Tuesday, March 30, 2010

Anyone Catch This?

Sunday night, I just happened to come across a movie on LMN (Lifetime Movie Network, yeah I know) that was just starting. It was called Amish Grace. I tivo-d it and ended up watching it later that night. It took me by surprise. I wasn't prepared to be struck so hard by a Lifetime movie. There were most definitely some cheesy parts in it; After all, it wouldn't be a Lifetime movie without all the cheese! Still though, the message of the movie was so powerful, I just had to share.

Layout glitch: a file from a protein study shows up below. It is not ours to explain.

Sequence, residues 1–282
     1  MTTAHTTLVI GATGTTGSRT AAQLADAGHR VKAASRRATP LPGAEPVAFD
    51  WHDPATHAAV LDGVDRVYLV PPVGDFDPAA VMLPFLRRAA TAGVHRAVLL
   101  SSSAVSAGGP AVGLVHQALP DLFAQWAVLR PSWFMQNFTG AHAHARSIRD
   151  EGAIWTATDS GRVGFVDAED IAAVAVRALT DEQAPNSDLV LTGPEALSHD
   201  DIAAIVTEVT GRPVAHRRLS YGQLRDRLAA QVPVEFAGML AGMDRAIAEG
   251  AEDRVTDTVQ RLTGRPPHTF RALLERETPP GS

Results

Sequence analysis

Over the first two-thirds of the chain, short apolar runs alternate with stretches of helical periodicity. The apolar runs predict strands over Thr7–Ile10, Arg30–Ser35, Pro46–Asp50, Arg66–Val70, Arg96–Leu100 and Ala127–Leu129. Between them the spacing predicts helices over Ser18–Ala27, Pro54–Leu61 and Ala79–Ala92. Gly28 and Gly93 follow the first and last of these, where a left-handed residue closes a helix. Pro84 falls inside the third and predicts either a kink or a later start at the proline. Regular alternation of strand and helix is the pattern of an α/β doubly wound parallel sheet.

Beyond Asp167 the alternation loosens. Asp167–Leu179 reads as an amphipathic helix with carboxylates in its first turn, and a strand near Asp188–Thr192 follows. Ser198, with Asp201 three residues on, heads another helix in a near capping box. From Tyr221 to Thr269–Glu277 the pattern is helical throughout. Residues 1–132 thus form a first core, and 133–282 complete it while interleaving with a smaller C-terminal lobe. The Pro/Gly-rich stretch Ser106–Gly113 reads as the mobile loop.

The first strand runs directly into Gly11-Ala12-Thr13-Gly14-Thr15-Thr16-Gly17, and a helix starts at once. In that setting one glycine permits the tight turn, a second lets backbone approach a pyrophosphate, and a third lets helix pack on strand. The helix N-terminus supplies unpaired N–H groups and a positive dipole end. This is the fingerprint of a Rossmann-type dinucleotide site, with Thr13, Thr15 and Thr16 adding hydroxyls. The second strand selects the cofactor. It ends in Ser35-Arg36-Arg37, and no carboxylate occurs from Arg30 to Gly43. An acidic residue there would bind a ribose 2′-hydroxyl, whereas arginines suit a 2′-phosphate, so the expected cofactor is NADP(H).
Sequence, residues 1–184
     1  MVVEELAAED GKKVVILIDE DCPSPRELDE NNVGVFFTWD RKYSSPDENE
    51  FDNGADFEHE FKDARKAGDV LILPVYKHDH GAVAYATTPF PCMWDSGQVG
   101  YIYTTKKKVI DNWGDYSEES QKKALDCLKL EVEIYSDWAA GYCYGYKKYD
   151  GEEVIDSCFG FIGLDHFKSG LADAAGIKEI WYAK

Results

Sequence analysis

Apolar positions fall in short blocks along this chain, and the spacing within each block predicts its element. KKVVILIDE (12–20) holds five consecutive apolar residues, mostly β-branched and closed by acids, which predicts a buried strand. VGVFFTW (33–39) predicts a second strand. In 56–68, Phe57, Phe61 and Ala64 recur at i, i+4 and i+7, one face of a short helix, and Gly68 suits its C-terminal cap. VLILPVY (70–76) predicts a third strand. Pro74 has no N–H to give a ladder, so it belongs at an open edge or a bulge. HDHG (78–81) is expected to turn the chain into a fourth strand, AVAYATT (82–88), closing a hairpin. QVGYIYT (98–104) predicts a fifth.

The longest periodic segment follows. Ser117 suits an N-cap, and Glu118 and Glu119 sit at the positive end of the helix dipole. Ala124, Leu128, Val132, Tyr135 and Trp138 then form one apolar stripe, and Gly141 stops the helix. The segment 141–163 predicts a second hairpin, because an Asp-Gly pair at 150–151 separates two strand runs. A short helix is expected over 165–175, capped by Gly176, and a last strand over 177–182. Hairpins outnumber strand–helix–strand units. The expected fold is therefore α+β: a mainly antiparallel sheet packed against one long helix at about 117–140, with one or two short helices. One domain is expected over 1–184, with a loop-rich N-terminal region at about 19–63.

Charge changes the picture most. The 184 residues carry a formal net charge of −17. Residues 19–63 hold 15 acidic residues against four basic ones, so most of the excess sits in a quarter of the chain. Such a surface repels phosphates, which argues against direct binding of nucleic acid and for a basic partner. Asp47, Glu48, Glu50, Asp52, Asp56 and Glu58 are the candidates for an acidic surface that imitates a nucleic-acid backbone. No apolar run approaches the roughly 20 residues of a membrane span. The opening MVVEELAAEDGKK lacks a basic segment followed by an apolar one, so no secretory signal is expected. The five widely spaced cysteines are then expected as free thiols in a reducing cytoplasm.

Remember this? That horrific Amish school shooting back in October, 2006? "Amish Grace" (the LMN movie) went through the events of the day, but more importantly the events that followed.

I have always thought highly of the Amish. My dad has worked with them for as long as I can remember. I have vivid memories of visiting their farms and running around with the little Amish boys and girls, petting their animals and sneaking peaks of the...GULP...outhouses! We went to furniture auctions, cookouts, and a group of Amish men even helped my dad build our house (Ryan and I's AND my parents') from the ground up! They're just great people.